German police criticized for using violence on Turk

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    – Turkish premier slams police action against citizen who protested against pro-PKK demonstration in German city of Stuttgart

    Prime Minister Binali Yildirim on Monday “strongly” criticized German police for using violence on Turkish citizen who was protesting against a pro-PKK demonstration in the German city of Stuttgart.

    Speaking at an investment-related event in Ankara, Yildirim said: “I strongly condemn the German police for using violence not on terrorists but on a [Turkish] citizen who was protesting against [pro-PKK] terrorists.”

    On Sunday, the German police officers forced Turkish citizen, Yusuf Unsal, to the ground and arrested him when he protested against the PKK demonstration in Stuttgart.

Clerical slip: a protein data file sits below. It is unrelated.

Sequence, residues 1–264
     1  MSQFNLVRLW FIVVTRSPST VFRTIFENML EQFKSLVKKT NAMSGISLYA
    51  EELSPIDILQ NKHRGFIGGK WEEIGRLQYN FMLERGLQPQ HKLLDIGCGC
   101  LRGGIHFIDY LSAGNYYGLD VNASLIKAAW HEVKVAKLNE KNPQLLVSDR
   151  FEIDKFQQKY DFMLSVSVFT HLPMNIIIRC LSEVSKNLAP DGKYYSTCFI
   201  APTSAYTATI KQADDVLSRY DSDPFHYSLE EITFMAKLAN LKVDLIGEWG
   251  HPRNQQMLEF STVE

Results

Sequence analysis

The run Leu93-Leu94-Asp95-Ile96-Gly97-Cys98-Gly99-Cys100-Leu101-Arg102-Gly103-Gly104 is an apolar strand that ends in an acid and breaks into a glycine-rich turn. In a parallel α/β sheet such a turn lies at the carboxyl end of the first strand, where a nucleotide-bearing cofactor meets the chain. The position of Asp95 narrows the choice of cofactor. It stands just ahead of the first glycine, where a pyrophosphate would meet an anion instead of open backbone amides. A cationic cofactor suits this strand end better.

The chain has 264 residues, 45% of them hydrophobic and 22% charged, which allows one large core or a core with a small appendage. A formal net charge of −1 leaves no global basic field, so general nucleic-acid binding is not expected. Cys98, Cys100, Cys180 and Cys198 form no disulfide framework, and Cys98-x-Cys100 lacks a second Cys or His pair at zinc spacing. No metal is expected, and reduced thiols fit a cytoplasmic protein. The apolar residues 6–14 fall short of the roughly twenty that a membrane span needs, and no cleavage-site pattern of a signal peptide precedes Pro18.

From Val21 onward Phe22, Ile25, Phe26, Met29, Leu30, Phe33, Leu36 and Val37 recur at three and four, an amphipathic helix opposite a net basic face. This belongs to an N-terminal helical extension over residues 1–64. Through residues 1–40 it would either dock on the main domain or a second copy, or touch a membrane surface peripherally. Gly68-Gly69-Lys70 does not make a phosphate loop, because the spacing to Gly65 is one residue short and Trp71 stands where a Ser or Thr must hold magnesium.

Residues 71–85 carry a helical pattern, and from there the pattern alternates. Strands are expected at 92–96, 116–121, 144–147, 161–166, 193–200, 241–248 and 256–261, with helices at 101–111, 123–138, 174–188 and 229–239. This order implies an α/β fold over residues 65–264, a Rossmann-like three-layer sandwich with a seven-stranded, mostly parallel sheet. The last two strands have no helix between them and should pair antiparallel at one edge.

President Recep Tayyip Erdogan had phoned Unsal and extended get-well wishes.

    At the pro-PKK demonstration, the terror group’s sympathizers could be seen holding anti-Turkey and anti-Erdogan banners, and chanting slogans.

    The PKK has been banned in Germany since 1993, but it remains active, with nearly 14,000 followers among the Kurdish immigrant population in the country.

    Ankara has long criticized Berlin for not taking serious measures against the PKK and its Syrian branch PYD/YPG, which use the country as a platform for their fund-raising, recruitment, and propaganda activities.

    The PKK — listed as a terrorist organization by Turkey, the U.S. and the EU — waged a terror campaign against Turkey for more than 30 years and has been responsible for the death of nearly 40,000 people, including those of women and children.

    More than 1,200 people, including security force personnel and civilians, have lost their lives since the PKK resumed its decades-old acts of terror in July 2015.

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